Watching the news last night, I was stunned to see one of my former female colleagues holding a press conference. She is now the CEO of a major consortium, apparently.
A Master of the Universe in silk stockings.
The last time I saw this woman, the police were at her door after my buddies and I launched fireworks off her balcony in the late 1970s in retribution for her having stolen my boyfriend.
I was pissed. I really liked that boyfriend.
Of course, she dumped him soon after – he was only attractive to her because he was my boyfriend -- and she probably moved on to another girl’s boyfriend, or so I like to believe. I hope I’m not the only girl who has been chronically left with a face like a slapped Nancy.
She was the first of many women who have stolen my boyfriends and husbands, all women characterized by uniforms consisting of black pencil skirts and white lace push-ups under cream silk blouses.This woman is now a Harvard MBA and a CEO. A millionaire, I’m sure. Single, probably.
Seeing her on the telly reminded me of how badly I’ve been mistreated by women over the years.I had another pal from the 1970s, a woman for whom I provided shelter for a few years. Jayne, I don’t mind saying her name out loud, Jayne was an attendant at my wedding, a bestie. Jayne was also the woman who caught the bouquet, then threw it back in my face. I got her one of her first jobs, in politics, which she parlayed within a nanosecond into a position with a cabinet minister, then into a job at a major bank.
Today, she an international bank vice-president living in London.
A college degree from a community college gets you pretty far in the banking world, apparently.She’s too posh for Facebook. I found her in the Globe and Mail business section. She looks the same. waifish, almost kind, like Julie Andrews. Same haircut. Different brain chemistry.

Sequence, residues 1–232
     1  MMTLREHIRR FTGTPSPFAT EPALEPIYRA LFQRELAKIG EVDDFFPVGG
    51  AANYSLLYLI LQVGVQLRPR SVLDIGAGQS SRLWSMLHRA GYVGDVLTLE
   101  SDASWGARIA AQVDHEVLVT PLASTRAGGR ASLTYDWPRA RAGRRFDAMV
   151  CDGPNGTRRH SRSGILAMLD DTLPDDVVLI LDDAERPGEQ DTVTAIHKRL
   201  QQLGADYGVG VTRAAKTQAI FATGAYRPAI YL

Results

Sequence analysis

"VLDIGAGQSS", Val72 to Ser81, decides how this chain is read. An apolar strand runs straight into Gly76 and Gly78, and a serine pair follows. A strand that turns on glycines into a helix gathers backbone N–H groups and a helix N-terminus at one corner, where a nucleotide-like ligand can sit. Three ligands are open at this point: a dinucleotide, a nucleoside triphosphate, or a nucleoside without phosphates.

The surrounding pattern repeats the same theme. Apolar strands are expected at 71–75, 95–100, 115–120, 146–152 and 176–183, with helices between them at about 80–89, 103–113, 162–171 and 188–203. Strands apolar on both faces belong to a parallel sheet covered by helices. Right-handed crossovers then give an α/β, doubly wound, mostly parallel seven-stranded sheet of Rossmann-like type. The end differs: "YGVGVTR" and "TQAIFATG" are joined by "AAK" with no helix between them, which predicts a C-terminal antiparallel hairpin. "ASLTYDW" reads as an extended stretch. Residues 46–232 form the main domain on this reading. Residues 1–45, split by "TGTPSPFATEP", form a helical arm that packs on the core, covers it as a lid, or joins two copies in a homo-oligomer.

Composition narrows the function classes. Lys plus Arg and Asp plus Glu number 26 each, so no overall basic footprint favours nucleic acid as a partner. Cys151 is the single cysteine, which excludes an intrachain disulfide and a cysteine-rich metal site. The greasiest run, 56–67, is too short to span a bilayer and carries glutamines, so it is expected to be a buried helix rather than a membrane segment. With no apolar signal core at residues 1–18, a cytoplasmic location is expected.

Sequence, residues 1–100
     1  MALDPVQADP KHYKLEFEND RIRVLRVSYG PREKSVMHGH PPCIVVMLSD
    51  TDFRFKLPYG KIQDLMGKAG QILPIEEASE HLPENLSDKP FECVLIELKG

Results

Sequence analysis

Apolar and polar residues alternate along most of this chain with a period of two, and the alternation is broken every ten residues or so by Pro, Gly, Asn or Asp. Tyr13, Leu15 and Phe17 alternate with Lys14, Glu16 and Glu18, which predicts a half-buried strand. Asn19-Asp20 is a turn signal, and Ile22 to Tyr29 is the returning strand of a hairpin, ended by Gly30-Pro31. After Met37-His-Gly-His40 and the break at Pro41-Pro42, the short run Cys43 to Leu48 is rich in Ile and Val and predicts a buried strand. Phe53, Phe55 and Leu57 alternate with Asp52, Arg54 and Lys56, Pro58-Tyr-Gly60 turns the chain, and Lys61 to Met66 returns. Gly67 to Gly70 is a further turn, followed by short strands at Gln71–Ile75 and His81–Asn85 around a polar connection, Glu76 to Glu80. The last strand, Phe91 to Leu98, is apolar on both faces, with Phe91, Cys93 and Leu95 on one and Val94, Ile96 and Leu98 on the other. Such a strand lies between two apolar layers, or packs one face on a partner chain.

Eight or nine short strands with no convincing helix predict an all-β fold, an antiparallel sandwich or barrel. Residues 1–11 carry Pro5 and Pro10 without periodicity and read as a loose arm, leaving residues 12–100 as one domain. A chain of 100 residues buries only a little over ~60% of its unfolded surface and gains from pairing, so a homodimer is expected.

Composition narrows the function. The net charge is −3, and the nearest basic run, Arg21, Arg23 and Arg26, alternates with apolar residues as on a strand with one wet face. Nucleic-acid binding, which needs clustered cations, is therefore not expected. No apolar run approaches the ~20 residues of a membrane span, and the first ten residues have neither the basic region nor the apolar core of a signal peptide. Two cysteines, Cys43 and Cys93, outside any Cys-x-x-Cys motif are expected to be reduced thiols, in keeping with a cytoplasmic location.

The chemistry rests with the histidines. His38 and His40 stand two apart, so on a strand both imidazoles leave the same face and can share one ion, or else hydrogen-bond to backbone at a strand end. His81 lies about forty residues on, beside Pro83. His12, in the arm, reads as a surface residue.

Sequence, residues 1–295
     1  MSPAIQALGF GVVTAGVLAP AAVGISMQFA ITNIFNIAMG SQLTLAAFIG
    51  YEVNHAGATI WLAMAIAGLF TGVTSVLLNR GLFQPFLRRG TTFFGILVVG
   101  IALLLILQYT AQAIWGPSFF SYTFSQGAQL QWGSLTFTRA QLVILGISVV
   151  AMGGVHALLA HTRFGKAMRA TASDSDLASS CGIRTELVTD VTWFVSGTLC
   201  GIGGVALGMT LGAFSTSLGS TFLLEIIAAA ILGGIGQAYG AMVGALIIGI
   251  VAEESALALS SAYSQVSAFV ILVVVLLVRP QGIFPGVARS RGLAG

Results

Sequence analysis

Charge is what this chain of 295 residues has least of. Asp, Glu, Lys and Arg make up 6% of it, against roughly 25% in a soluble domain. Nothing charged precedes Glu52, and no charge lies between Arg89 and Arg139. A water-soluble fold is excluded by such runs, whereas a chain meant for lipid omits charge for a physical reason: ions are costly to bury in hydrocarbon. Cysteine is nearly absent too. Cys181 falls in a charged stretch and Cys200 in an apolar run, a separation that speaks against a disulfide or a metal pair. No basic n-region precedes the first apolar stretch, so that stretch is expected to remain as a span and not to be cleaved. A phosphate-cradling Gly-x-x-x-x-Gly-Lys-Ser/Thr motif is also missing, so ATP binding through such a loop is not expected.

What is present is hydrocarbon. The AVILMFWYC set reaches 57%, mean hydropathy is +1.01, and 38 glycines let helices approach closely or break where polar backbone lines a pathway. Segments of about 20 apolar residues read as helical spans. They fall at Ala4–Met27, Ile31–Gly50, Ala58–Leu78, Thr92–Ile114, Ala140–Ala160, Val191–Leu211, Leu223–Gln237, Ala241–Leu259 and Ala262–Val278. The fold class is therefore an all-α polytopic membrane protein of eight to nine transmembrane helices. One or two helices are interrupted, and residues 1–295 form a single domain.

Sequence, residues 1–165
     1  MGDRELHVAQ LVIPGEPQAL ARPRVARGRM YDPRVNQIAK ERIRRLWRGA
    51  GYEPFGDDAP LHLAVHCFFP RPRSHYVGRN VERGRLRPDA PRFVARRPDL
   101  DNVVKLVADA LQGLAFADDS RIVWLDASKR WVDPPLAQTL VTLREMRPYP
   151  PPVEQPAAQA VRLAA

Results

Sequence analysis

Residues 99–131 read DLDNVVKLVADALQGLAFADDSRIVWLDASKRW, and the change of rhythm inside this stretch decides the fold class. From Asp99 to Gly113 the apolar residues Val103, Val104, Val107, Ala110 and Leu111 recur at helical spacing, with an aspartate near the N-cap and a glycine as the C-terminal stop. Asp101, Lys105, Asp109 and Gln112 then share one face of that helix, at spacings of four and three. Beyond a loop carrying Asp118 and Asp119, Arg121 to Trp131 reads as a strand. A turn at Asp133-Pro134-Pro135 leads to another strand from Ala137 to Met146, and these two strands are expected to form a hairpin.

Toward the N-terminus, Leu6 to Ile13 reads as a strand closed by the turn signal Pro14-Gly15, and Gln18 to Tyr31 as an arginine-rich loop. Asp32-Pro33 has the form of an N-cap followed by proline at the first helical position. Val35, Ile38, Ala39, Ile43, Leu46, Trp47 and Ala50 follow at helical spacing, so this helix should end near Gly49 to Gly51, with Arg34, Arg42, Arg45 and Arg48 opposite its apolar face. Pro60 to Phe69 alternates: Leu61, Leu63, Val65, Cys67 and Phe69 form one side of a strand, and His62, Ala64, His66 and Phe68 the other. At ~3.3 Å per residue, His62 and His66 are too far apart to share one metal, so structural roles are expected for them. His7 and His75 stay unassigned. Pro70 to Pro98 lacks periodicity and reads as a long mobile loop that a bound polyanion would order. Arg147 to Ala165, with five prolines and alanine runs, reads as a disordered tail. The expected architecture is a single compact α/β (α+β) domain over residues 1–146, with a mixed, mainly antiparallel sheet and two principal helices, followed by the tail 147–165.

Last time I saw her was in Toronto in the subway. She, in her $1,300 suit, regarded me icily.“Oh,” I said, baby drool still drying on my lapel from breakfast. “I hear you got a promotion.”
“Yes,” she said. “I am very good at what I do.”She never asked after me, just turned on her Manolos and walked off, bum in the air.
It's like the French say. She farts higher than her asshole.In the early years, I had some success myself. But I left the good life, voluntarily, to marry then expel children from my womb. I never regretted my choice, until the Master of the Universe I had married provided me a new career path, as a single mum of three.
I do believe I still have a couple of silk suits mothing in the closet along with my various pairs of black cotton pants and aging blouses. But I will never have a corner office unless I convert a bedroom.
I admit, upon seeing these women from my past, to a slight twinge of jealousy.
They successfully opted out of the mommy track and took their push ups and lace on the road. They emulated Mary Tyler Moore and Murphy Brown – except in the last season.I must admit that I am envious. I’m not saying I’d do things differently, I love my family, but a part of me wishes sometimes that I’d crossed the tracks and taken the A train.
I became Laura Petrie.
I became Laura Petrie.
The feeling passes especially after I spend a day with my grown kids and my little granddaughter. I like to watch them reach for the stars, to dream big dreams and I’m always there to pick them up when they trip and fall. I don’t miss the fancy suits, I’m happy here in the yoga pants living a quiet life absent of swell parties and interior designers.
Although I do admit I still have a fondness for a nice Scotch, deftly poured by a handsome bartender at the Chateau Laurier.
Truth is, those of us who find ourselves at the end of the mommy track can sometimes, just sometimes, feel like losers.These women let off a mighty wind.
Sometimes it gets up your skirt.